Employer’s Meal Period Policy That Does Not Comply With California Law Results in Liability Under PAGA

Employer’s Meal Period Policy That Does Not Comply With California Law Results in Liability Under PAGA

A decision published by a California court of appeal on December 19, 2018 in Carrington v. Starbucks Corp. again demonstrates how critical it is that employers have a well-written meal period policy in place that conforms to the law. A barista who worked at Starbucks for less than five months alleged that she had not received duty free meal periods before working more than five hours on at least two occasions. Claiming that she did not receive premium payments for the late meal periods, and that her pay stubs were inaccurate, the plaintiff brought a representative action under the Private Attorney General Act (“PAGA”) and sought nearly $70 million in total penalties.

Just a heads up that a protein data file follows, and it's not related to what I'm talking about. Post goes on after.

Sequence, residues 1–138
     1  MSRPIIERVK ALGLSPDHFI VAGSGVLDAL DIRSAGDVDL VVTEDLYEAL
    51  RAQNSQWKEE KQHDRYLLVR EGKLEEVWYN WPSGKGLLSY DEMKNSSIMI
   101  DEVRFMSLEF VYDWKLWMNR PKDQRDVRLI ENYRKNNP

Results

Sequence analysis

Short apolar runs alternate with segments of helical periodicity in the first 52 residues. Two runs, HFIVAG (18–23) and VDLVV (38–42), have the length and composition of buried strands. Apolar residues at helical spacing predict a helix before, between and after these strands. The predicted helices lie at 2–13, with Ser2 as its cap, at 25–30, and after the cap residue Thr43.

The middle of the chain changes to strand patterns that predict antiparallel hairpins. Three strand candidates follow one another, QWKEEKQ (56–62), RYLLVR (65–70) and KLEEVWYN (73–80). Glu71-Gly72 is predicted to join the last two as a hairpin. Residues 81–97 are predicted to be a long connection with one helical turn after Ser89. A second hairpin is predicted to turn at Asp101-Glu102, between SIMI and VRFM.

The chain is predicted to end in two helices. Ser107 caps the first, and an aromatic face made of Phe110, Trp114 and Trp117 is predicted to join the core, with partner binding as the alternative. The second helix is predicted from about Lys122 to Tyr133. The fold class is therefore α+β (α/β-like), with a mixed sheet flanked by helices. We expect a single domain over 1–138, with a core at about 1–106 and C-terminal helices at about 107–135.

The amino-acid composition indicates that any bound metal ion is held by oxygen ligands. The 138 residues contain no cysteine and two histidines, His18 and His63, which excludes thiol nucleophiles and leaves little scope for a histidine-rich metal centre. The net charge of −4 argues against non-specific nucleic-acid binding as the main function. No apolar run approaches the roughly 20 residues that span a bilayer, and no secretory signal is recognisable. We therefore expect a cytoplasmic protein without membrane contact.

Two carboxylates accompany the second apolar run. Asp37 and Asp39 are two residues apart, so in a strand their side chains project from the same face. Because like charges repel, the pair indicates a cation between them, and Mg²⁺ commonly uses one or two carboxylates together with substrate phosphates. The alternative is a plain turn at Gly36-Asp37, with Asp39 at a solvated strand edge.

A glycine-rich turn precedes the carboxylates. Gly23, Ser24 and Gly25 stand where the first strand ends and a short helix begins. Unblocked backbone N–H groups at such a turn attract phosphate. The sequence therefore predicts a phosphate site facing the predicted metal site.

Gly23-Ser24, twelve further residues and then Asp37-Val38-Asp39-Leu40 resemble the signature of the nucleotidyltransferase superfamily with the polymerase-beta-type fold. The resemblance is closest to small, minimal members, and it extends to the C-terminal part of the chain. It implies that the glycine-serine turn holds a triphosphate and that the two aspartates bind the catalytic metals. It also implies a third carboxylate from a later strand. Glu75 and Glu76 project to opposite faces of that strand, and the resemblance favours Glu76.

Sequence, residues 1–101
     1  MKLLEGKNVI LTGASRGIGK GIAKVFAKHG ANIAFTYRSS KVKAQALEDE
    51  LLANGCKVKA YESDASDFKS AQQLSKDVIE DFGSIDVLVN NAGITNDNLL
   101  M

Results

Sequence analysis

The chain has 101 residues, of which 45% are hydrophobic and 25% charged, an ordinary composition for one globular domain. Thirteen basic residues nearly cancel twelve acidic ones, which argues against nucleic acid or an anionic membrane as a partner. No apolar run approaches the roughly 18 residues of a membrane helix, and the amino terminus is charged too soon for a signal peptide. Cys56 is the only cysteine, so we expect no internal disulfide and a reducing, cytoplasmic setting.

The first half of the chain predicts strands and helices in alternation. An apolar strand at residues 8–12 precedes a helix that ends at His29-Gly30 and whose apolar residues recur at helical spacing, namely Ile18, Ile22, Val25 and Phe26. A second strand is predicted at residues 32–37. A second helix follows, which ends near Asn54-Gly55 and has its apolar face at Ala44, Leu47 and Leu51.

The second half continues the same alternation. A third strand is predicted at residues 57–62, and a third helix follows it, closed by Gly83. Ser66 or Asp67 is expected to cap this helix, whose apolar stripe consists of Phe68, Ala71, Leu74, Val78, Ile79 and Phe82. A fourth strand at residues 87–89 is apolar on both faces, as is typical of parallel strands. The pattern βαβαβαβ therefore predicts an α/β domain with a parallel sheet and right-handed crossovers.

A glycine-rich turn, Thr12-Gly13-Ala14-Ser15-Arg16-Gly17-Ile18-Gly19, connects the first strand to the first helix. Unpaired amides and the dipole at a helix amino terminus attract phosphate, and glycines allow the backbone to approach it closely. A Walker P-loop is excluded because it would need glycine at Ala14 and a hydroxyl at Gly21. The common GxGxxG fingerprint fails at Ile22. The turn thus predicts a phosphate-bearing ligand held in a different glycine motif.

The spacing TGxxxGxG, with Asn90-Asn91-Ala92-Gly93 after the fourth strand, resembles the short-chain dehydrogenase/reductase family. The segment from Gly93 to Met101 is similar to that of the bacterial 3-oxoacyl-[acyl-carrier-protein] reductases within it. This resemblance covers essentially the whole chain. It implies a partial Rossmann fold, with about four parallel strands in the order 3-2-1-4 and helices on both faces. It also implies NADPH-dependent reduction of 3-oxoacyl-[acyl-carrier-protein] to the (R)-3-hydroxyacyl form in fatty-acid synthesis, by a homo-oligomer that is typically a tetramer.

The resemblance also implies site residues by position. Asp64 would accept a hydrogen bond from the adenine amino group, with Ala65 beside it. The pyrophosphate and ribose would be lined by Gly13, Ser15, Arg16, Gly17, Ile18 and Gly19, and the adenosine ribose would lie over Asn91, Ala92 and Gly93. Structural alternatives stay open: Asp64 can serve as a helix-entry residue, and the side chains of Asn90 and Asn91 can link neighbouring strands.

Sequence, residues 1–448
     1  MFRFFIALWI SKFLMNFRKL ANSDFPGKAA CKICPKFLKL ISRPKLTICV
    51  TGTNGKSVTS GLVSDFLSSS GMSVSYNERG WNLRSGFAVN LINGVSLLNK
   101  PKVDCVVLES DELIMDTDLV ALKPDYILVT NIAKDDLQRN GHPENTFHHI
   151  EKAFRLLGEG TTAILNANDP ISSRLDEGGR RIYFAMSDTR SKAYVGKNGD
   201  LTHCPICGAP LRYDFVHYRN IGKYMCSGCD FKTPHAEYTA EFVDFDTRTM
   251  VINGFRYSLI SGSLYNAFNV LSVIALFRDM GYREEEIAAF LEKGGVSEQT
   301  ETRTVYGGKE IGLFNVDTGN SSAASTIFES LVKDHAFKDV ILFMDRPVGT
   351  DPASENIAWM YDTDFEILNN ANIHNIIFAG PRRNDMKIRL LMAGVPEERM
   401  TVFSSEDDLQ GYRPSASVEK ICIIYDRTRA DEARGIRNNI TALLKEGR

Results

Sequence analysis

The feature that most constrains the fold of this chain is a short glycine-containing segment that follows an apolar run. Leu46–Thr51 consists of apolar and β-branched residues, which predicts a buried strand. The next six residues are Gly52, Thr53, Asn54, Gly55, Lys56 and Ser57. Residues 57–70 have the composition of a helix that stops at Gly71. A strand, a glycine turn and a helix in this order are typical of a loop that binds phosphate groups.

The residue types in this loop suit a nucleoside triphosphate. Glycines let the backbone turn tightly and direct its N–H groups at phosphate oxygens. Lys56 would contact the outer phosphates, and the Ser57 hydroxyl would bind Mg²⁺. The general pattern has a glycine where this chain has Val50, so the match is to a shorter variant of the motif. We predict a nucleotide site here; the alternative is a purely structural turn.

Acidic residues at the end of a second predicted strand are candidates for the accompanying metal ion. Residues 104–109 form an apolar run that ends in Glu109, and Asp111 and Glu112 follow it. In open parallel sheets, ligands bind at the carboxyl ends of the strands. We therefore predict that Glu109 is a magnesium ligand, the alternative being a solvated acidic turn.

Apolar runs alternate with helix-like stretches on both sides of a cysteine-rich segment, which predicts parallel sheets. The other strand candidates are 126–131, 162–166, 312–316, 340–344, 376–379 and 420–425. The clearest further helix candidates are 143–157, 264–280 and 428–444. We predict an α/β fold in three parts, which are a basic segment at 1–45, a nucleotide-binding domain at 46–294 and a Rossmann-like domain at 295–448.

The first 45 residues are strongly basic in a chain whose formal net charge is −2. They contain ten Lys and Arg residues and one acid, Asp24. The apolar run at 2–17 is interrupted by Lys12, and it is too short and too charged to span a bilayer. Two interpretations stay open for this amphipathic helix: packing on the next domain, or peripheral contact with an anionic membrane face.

Starbucks’ meal period policy stated that a meal period payment would not be provided where an employee worked “slightly more than 5 hours.” The Carrington court held that Starbucks’ policy/practice violated California law because it “failed to provide a Meal Period prior to the end of an employee’s first five hours of employment.” Noting that Starbucks had made “good faith efforts” to comply with the meal period law, and that the violations were “minimal,” the court of appeal affirmed the lower court’s award of a $150,000 penalty under PAGA.